A year of Sea Surface Temperature
Anne O’Carroll talks us through this mesmerising animation describing a year of sea surface temperature (SST) in 2016.
The animation below combines satellite data with ocean surface measurements. The satellite data used come from both the geostationary ring of satellites and polar orbiting data including from Europe, America and Japan.
11 March 2021
18 April 2017
“The animation is important to see the changes on a global scale of the surface temperatures of our ocean, and to consider how these influence weather patterns and thus our daily lives. Moreover, the compilation of the voiceover was an interesting opportunity to put these changes into context,” Anne said.
The global sea surface temperature animation is compiled from the Operational Sea Surface Temperature and Sea Ice Analysis (OSTIA) as produced by the Met Office. The products are available from the Copernicus Marine Environment Monitoring Service (CMEMS).
The animation shows the beauty of the movement of our ocean and the changes in temperature and how energy is distributed and spreads around our globe
“The animation shows a level-4 analysis product, which means that it uses a combination of satellite sea surface temperature data combined together with the surface measurements. These are all provided in a common way and specification through coordination by the Group for High Resolution Sea Surface Temperature (more information here).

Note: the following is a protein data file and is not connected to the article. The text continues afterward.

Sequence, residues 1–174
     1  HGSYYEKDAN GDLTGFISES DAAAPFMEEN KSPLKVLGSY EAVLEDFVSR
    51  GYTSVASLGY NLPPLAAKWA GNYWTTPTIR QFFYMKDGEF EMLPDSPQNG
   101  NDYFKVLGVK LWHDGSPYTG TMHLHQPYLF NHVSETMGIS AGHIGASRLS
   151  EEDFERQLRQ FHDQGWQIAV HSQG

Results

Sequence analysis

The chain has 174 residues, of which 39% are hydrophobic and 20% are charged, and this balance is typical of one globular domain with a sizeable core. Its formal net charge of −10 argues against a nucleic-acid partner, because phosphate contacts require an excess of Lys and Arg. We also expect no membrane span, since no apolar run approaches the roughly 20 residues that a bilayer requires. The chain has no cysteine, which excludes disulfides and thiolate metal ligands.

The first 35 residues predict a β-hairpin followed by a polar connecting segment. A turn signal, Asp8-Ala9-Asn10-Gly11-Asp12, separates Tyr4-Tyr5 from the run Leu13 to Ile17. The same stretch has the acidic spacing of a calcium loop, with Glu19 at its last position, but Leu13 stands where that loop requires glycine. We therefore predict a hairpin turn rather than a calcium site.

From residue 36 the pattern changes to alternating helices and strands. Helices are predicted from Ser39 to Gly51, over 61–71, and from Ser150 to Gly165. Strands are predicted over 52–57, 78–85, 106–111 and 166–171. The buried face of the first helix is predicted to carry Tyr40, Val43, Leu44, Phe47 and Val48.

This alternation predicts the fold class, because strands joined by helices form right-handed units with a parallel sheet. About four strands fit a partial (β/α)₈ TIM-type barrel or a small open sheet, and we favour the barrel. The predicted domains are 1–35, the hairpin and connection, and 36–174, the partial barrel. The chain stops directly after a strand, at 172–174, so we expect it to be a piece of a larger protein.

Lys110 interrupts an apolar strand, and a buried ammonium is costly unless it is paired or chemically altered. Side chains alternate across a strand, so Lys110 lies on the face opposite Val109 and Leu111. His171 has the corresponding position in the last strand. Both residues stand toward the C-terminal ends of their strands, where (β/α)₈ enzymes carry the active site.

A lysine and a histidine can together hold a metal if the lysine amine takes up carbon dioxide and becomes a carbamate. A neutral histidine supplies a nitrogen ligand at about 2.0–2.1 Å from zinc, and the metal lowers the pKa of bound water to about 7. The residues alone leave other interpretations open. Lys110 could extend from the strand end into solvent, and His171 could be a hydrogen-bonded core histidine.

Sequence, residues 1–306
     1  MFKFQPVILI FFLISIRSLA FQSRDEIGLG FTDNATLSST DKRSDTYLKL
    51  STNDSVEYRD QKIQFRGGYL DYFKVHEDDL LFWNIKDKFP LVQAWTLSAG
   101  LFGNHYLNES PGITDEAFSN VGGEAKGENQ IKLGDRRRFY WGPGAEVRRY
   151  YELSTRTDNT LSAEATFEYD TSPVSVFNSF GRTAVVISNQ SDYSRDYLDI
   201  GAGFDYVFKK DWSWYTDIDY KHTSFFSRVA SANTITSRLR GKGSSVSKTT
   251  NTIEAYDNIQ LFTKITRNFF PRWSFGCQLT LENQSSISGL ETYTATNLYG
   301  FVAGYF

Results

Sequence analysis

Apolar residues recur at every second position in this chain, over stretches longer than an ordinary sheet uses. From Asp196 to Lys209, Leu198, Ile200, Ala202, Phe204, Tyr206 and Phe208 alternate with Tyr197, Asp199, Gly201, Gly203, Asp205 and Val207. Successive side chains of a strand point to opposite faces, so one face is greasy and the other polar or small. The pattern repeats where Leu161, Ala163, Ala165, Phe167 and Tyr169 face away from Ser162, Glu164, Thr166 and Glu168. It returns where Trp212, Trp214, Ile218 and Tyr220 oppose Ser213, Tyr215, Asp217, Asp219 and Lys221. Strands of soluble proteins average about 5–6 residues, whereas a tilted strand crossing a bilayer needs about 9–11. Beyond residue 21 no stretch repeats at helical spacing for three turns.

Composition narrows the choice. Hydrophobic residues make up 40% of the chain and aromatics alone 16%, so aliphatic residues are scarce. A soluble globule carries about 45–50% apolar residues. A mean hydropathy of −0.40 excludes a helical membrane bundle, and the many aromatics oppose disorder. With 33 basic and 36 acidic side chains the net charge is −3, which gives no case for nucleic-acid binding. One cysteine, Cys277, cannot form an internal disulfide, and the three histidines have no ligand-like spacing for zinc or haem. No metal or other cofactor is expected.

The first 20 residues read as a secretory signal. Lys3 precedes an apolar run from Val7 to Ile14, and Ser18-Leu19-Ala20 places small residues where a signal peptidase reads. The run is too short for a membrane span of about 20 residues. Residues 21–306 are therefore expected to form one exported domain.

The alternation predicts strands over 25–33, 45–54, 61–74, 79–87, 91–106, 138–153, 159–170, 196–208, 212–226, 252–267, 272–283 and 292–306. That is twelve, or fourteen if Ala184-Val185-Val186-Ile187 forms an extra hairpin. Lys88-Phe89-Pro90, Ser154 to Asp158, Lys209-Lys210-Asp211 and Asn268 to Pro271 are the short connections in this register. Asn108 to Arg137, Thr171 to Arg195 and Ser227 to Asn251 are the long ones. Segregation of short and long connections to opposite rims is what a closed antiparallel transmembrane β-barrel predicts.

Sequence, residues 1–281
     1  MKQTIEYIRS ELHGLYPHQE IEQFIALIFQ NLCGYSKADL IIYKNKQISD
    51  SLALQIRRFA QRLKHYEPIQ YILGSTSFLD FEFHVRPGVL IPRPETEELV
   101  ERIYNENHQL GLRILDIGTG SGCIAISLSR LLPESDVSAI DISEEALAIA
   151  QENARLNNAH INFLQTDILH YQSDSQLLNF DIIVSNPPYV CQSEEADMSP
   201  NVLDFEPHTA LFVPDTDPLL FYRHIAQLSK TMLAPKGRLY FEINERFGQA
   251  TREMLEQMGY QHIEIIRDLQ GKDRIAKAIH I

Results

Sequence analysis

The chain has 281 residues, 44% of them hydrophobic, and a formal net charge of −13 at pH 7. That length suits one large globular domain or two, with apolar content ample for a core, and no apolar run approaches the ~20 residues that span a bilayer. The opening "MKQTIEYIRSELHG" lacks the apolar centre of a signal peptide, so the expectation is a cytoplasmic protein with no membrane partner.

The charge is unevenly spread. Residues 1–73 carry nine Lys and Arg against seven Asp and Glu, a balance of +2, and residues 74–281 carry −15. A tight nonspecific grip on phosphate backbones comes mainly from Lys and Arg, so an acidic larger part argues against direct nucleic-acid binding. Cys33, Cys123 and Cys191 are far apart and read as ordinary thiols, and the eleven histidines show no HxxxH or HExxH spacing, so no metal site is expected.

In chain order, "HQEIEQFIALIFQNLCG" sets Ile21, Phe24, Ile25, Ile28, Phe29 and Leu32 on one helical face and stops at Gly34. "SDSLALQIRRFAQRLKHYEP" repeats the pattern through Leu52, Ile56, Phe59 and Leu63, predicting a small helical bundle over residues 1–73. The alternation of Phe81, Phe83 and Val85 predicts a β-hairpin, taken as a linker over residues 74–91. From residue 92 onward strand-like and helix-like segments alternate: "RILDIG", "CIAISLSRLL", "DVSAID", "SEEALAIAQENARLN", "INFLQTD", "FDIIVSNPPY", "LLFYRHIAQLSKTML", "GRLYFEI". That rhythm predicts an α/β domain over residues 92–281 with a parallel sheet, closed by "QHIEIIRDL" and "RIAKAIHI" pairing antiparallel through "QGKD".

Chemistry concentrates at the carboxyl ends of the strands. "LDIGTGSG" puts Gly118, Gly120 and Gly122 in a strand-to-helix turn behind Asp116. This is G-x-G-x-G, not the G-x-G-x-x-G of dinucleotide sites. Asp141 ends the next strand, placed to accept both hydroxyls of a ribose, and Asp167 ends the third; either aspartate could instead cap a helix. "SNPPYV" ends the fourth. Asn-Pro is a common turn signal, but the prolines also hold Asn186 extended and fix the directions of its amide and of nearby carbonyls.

It is a daily analysis for night-time produced at 1/20 degree spatial resolution which is at approximately 5km” Anne explains.
Anne goes through each month of the year highlighting specific weather events, currents and changes in temperatures in different zones of the Earth focussing especially on El Niño–Southern Oscillation (ENSO) and La Niña.
Watch El Niño
El Niño is a natural cycle in Pacific Ocean temperatures, winds and cloud that influences climate all around the planet. It consists in a band of warm water developing in the central and east-central equatorial Pacific. On the other hand La Niña is the “cool” phase that follows El Niño, bringing colder temperatures.
In February (image 1 and minute 00.46) we can see El Niño conditions in the El Niño 3.4 region with sea surface temperatures at more than ½ degree above average conditions. In April the strength of El Niño is fading and we can see cooler temperatures moving westward in the Central Pacific (Image 2 and minute 02.50).
Moving into summer, El Niño conditions reach the neutral state with sea surface temperatures getting gradually cooler (04.15).
Finally, from October onwards we can see La Niña conditions where sea surface temperatures in the El Nino 3.4 region are 0.5 degrees colder than usual (05.50). As seasons change, colder temperatures are coloured in blue while warmer surface temperatures evolve from yellow to magenta, and while currents move we can see the changes in temperatures twirling around.
“The animation shows the beauty of the movement of our ocean and the changes in temperature and how energy is distributed and spreads around our globe, affecting the weather, climate, ecosystem and all our daily lives” Anne said.